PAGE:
Ashok Agarwal, Director of the Center for Reproductive Medicine at the Cleveland Clinic, uncovered a potentially unhealthy relationship between men and their cell phones in 2008. Agarwal and his colleagues recruited 361 men and compared the health of their sperm with their cell phone activity. Dividing participants into groups based on self-reported cell phone use, researchers found a positive correlation between lackluster sperm and greater talk time. Not only were men in the high-use group spending more than four hours per day on their cell phones, they all had lower sperm counts relative to the other three groups [source: Agarwal et al].
Given the correlation between cell phones and diminished male fertility, why aren't we hearing about the resurgence of the rotary? While Agarwal's results were compelling, too many controls were unaccounted for, such as inaccuracy of self-reporting and lifestyle factors that could also contribute to low sperm count. But Agarwal isn't the first medical researcher to question the health effects of frequent cell phone use. Some think the electromagnetic radiation the phones emit warrants closer scrutiny.
Whenever we talk into a cell phone, an internal transmitter converts our voices into continuous sine curve waves that the antenna then dispatches in the form of radio frequency energy. This form of traveling energy, called radiation, is the same stuff that enables other telecommunications devices, including televisions, radios and cordless phones [source: Federal Communications Commission]. And since cell phone radiation is classified as non-ionizing, meaning that it isn't powerful enough to destroy atoms and molecules by stealing electrons, it isn't considered acutely harmful to humans.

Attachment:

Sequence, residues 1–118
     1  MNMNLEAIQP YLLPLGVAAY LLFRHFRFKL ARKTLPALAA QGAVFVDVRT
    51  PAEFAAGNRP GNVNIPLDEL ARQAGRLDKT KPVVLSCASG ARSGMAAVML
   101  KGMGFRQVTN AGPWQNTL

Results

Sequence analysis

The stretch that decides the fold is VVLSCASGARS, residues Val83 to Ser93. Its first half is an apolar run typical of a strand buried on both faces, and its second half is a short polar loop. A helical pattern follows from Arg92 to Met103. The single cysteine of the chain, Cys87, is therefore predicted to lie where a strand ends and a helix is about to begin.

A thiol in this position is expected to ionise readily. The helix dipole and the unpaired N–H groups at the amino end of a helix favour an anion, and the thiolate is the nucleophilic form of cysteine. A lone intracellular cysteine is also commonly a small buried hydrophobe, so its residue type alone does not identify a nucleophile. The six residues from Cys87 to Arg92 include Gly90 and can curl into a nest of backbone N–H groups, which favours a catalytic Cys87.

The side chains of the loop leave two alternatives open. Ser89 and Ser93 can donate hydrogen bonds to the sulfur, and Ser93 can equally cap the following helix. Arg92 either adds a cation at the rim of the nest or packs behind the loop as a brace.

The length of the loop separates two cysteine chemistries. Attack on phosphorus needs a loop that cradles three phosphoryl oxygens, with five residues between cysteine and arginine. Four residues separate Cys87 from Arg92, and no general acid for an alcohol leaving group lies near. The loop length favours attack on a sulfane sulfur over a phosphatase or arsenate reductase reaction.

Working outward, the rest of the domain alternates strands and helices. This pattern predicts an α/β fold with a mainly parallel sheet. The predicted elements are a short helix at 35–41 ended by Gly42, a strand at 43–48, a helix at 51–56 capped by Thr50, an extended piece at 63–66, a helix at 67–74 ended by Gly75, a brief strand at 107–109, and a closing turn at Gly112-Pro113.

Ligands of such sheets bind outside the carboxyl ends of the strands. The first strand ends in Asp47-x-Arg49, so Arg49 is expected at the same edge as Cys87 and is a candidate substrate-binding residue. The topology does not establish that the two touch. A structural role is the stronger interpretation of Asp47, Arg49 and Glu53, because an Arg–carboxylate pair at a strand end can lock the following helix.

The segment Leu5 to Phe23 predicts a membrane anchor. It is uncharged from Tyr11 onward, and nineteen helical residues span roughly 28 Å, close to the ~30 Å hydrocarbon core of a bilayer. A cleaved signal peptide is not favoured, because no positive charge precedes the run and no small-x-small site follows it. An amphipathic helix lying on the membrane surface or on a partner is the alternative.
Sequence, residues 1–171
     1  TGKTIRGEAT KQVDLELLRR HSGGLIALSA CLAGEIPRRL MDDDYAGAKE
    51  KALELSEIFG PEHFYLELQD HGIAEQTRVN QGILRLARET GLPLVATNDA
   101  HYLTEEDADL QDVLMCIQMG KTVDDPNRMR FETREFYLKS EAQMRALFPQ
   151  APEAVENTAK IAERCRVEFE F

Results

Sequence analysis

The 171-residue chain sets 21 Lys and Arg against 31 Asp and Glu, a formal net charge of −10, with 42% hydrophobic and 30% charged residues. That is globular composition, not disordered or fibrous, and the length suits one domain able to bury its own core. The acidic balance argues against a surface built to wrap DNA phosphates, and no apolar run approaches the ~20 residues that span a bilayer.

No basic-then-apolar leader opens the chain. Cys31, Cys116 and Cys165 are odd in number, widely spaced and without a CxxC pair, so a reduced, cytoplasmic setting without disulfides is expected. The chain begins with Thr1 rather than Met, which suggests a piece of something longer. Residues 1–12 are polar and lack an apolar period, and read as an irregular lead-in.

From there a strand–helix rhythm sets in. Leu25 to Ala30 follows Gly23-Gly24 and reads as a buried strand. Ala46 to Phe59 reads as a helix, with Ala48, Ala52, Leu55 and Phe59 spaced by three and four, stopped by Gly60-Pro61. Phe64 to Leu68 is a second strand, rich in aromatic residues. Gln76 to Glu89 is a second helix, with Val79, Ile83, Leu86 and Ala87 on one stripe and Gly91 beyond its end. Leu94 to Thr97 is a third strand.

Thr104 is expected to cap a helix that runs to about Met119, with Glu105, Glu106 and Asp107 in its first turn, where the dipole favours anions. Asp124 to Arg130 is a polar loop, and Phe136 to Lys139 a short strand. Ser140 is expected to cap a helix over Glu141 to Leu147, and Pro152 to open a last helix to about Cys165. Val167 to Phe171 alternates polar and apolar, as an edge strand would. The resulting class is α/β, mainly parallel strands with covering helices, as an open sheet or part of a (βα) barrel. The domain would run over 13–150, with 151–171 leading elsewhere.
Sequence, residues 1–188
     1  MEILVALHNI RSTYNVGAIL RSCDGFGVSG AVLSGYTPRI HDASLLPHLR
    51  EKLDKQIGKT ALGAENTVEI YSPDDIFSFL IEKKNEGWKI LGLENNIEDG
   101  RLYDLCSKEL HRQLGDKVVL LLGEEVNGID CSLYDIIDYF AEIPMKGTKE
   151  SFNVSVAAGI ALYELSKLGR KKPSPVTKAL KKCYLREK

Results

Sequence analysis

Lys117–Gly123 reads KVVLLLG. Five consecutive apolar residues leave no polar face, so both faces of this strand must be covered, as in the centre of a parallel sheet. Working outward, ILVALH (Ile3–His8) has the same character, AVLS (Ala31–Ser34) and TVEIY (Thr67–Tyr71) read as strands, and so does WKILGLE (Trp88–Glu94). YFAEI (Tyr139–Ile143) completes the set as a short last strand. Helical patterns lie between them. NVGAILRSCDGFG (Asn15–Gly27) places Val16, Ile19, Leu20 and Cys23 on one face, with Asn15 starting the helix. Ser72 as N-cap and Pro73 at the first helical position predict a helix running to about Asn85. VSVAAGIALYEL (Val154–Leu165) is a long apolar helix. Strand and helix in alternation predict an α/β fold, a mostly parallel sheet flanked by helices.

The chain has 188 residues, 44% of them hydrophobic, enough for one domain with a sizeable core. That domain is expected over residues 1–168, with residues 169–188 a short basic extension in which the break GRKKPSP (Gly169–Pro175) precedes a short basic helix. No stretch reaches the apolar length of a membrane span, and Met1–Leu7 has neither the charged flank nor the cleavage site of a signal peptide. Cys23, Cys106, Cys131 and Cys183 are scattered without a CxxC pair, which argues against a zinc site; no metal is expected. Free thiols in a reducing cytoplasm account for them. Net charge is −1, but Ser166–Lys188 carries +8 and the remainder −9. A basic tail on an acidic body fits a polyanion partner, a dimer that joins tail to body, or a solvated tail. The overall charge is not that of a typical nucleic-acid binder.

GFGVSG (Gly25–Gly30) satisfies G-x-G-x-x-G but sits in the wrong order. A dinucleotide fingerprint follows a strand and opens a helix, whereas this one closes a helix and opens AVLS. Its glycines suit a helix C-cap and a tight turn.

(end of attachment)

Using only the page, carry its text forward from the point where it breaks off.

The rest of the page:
Although non-ionizing radiation doesn't pose an immediate danger (unlike that of gamma rays and X-rays), our bodies still absorb some of it whenever we chat on our cell phones. The Federal Communications Commission (FCC) established the Specific Absorption Rate (SAR) as the legal amount of electromagnetic radiation that cell phones can release without posing a health threat to humans. The SAR in the United States is 1.6 watts per kilogram, and it's 2 watts per kilogram in Europe. Though federal regulators intend SAR as a safety precaution, the ubiquity of cell phones and their constant proximity to the body have raised red flags about whether those radiofrequency waves are truly benign -- or whether they can harm sperm after all.